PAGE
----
Mike Carberry, a Johnson County Supervisor, said in a recent interview he was considering beginning an exploratory committee in a run for Governor. That admission sounds like he could be persuaded to run if he received sufficient encouragement. He said his interest in running is growing as a result of the prodding by others, most notably by former Bernie Sanders campaign leaders.
Carberry was an active leader in the Iowa Sanders’ movement, serving as a member of the Sanders’ Iowa Environmental Leadership Committee.
“Bernie Sanders believes that fossil fuel billionaires’ money in our political system poses the greatest threat to solving the climate crisis,” Carberry said in his endorsement of Sanders. “Bernie has the most comprehensive plan that both gets the money out of our political system and returns democracy back to the people while also completely addressing the devastating problem of climate change.”
Carberry also joined Sanders as he campaigned for Hillary Clinton in Iowa City just a few days before the November election. Carberry, Sanders, former Senator Tom Harkin and other local officials appeared on stage as they appealed to the crowd to cast their votes for Clinton. “I ask you to ‘Feel the Bern’ and to fight like hell for Hillary Clinton,” Carberry said.
While Carberry doesn’t have statewide name recognition among the public, he is well known in the Democratic Party. He has served as Chair of the Johnson County Democrats and is a member of the Iowa Democratic State Central Committee. He was elected in 2014 to the Johnson County Supervisors and is serving his first term.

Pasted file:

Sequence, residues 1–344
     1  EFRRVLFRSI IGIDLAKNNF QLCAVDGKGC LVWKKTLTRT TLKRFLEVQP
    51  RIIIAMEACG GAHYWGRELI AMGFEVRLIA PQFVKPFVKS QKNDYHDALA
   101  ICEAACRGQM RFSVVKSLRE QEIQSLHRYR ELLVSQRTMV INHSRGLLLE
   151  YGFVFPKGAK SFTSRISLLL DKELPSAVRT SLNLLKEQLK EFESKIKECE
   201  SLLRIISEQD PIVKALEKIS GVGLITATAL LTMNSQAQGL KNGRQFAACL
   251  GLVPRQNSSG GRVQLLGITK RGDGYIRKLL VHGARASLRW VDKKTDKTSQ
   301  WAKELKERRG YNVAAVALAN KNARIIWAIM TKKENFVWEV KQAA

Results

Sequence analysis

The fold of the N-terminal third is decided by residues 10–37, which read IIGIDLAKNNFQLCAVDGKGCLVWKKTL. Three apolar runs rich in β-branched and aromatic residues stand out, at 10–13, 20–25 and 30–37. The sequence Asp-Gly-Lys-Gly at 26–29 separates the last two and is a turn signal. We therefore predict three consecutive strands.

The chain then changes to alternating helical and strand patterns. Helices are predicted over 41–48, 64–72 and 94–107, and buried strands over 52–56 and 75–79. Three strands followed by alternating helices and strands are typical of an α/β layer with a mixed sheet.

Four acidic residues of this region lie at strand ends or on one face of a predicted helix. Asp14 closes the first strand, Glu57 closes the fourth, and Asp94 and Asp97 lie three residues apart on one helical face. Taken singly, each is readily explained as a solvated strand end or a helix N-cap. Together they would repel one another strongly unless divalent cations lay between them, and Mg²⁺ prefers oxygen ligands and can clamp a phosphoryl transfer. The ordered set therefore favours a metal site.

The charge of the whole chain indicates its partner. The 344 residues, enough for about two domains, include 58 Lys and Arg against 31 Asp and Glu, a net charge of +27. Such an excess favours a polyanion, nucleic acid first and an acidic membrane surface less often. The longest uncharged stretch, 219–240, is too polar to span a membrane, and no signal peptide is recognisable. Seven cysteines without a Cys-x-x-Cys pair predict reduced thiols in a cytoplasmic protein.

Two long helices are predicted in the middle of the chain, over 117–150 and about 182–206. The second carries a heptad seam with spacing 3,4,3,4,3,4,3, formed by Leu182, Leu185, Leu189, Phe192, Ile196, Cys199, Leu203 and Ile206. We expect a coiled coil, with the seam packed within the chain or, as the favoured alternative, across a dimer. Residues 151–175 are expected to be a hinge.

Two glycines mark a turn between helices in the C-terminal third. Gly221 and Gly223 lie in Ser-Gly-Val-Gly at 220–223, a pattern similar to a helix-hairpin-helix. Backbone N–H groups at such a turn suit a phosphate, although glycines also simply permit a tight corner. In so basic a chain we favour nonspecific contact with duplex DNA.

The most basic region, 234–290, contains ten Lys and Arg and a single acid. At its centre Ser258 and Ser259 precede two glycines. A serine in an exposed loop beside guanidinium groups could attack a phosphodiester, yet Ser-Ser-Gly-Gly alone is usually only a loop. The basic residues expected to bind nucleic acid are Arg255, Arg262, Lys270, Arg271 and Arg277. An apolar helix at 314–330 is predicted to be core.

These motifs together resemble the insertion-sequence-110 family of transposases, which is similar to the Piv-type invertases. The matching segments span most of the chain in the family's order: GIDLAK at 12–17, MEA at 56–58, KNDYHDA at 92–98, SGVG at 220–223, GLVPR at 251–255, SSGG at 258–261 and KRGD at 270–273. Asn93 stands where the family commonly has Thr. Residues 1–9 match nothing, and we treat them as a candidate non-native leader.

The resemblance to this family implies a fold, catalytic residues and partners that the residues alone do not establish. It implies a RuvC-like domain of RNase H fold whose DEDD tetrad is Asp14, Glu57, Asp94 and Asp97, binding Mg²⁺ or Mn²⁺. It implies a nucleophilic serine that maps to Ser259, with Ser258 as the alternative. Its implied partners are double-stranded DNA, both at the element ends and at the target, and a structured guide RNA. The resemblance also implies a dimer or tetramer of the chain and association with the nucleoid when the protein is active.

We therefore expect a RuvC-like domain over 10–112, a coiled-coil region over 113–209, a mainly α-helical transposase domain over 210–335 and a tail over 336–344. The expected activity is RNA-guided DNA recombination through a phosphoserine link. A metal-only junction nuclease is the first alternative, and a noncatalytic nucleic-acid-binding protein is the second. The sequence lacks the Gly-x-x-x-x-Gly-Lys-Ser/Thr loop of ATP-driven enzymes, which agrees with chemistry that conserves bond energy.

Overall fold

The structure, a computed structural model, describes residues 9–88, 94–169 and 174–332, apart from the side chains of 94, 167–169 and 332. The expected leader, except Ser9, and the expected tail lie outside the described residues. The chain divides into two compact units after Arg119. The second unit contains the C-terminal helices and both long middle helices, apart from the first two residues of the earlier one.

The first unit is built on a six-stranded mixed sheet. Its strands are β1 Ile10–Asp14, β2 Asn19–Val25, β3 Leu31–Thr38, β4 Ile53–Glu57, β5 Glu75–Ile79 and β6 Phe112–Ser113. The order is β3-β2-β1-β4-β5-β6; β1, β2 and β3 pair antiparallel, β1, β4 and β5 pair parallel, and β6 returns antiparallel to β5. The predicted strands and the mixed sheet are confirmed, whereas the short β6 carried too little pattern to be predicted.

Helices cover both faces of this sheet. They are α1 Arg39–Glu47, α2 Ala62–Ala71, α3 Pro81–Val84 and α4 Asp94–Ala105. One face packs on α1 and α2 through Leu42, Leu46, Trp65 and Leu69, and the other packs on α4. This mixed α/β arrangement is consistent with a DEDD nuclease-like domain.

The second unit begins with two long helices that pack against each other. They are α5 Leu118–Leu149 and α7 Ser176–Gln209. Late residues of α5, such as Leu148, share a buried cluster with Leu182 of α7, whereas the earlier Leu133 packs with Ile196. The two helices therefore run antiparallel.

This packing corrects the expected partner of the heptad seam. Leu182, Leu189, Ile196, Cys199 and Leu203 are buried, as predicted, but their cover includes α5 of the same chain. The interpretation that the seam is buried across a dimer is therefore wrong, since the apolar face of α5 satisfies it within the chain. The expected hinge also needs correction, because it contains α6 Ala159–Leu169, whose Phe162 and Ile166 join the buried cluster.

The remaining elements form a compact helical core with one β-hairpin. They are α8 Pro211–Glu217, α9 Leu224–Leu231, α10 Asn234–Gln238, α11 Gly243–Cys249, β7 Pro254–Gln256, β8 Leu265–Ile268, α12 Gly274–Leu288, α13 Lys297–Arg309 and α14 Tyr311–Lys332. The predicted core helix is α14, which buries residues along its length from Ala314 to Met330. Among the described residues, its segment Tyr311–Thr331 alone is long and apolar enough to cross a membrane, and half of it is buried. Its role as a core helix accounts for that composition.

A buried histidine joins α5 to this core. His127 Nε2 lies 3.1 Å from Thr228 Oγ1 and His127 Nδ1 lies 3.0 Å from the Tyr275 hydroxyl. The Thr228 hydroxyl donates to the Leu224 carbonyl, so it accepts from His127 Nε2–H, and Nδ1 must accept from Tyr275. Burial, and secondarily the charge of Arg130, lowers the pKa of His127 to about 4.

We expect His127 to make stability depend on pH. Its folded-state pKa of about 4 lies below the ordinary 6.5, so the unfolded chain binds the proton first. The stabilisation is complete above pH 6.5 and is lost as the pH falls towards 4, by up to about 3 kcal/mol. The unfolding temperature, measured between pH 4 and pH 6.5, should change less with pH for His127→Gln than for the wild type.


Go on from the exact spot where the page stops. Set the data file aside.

Before winning election to the Board of Supervisors, Carberry worked in the renewable energy and sustainability field, including as the Executive Director of the Iowa Renewable Energy Association. He was also the Director of Green State Solutions, which organized voters around environmental issues. Mike is on the boards of both the Iowa Chapter of the Sierra Club and the Iowa Wind Energy Association. Carberry says he is a proud tree-hugging member of the Republic of Johnson County.
Perhaps Carberry’s most noteworthy accomplishment as county supervisor was passing an increase in the Johnson County minimum wage. Johnson County was the first county to pass the increase followed by three other counties. However, that increase is about to be erased by the Republicans in the legislature with the passage of preemption law.
Carberry said his goals as Iowa Governor would be to push for rural development. That would include statewide internet access. He would push for a statewide minimum wage increase and continue to promote Iowa renewable energy sources. He added that we must address water quality issues. One of the solutions he suggests is the expansion of bio-digesters of manure as a source of renewable power. He wants to fully fund education saying our greatest state export is education.
He is hoping to gain the endorsement of the Sanders’ group “Our Revolution” if he decides to run. He’s committed to small donations and taking no Super PAC money.